Diana from Three Rivers, MI

If the footballs are to be the same for both sides, why does the NFL let each team supply each game with balls? Why wouldn’t there just be an NFL supply?

Here’s the rule on the supply of balls: “Each team will make 12 primary balls available for testing by the Referee two hours and 15 minutes prior to the starting time of the game to meet League requirements. The home team will also make 12 backup balls available for testing in all stadiums. In addition, the visitors, at their discretion, may bring 12 backup balls to be tested by the Referee for games held in outdoor stadiums. For all games, eight new footballs, sealed in a special box and shipped by the manufacturer to the Referee, will be opened in the officials’ locker room two hours and 15 minutes prior to the starting time of the game. These balls are to be specially marked by the Referee and used exclusively for the kicking game. In the event a home team ball does not conform to specifications, or its supply is exhausted, the Referee shall secure a proper ball from the visitors and, failing that, use the best available ball.” Also: “The Referee shall be the sole judge as to whether all balls offered for play comply with these specifications. A pump is to be furnished by the home club, and the balls shall remain under the supervision of the Referee until they are delivered to the ball attendant just prior to the start of the game.”

Walt from Skandia, MI

Once you are in the playoffs, all but one team ends their season with a loss. Every year, our first goal is to get to the playoffs, but once there the odds are against us. Still, 20 teams didn’t have a chance. I’ll take the long odds just to be there, even though I know it will be heartbreaking if we lose.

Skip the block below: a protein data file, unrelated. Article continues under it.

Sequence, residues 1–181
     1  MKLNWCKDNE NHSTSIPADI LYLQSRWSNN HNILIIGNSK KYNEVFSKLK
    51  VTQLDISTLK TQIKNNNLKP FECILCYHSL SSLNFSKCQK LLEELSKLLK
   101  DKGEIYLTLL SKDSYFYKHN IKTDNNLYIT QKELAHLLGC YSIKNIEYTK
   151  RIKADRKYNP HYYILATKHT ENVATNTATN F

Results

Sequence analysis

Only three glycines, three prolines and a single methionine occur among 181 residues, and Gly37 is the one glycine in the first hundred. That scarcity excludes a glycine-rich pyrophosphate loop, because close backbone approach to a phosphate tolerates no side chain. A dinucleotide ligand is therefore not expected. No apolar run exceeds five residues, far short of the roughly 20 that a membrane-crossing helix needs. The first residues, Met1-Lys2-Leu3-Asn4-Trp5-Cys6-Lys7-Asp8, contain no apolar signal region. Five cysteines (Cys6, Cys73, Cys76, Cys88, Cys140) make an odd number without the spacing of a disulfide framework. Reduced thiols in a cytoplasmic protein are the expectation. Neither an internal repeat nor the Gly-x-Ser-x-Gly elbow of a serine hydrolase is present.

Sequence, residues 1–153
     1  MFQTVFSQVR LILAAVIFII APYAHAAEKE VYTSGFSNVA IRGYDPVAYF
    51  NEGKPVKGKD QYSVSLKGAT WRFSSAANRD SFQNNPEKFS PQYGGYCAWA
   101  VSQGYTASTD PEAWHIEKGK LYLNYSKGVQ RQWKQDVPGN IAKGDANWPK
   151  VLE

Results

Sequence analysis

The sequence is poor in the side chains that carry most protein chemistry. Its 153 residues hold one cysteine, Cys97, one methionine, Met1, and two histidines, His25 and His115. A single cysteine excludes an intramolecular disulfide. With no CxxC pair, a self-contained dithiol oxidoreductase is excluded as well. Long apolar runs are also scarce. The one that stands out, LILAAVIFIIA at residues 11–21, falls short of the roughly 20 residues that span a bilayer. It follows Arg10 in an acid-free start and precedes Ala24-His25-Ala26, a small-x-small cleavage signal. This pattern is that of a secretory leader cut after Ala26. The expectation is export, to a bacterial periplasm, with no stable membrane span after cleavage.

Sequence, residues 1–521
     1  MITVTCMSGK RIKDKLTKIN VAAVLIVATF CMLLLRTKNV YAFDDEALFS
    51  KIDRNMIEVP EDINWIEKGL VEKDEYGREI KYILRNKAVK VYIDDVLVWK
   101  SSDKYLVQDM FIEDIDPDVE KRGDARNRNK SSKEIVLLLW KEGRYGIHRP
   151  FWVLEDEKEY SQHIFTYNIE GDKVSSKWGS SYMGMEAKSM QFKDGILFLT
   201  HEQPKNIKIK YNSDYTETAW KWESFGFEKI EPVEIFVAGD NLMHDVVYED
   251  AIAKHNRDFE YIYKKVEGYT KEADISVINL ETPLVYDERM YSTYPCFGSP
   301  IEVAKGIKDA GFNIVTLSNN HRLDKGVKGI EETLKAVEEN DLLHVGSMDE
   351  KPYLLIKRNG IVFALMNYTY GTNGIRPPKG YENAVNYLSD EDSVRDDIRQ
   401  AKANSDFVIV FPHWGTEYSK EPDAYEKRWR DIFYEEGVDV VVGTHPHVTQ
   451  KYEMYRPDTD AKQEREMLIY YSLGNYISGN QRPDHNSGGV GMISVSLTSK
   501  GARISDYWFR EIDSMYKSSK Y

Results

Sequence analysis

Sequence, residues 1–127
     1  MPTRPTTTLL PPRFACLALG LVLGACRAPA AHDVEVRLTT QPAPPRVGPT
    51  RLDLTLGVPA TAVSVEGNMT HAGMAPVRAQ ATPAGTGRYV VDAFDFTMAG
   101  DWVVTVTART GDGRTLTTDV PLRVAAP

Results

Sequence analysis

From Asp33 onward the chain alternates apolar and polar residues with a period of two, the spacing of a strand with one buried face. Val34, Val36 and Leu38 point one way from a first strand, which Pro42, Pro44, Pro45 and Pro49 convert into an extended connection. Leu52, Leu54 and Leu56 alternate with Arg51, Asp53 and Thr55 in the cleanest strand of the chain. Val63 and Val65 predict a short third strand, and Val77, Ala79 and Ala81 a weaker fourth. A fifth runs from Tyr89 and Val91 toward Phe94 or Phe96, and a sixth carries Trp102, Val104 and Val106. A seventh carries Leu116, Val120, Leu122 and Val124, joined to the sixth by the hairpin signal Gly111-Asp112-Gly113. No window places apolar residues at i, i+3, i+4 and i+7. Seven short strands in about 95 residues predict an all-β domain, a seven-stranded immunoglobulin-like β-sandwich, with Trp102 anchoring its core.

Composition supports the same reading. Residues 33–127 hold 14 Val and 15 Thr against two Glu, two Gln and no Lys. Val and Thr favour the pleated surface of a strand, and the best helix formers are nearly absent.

In my opinion, the two-tiered goal of making it into the playoffs and then winning the Super Bowl is the best marketing creation for the game in its history, and I see no reason for not expanding it. I don’t even think of the Super Bowl until the postseason begins. For me, just making it into the playoffs is goal enough until you get there. I love the way the season shifts gears once the postseason begins.

Chris from Bury St. Edmunds, England

Vic, just wanted to express my sincere condolences to Coach McCarthy and his family. I think we all achieved perspective yesterday.

Sanity has returned to my inbox. It’s good to see.

Keith from Yorktown, VA

What is your definition of crunch time? Is it only the late stages of a close game, or does it also include other key situations in the game, such as having the ball inside the opponent’s 5-yard line in the first quarter and scoring FGs instead of TDs?

Crunch time is crunch time. Your gut tells you when it’s crunch time. All of a sudden, you begin to tighten. When that happens, you are in crunch time. It is never, ever in the first quarter. That’s for the people who want to avoid crunch time because they fear it. I want the ones who love crunch time. I want the ones who play better when their gut tightens.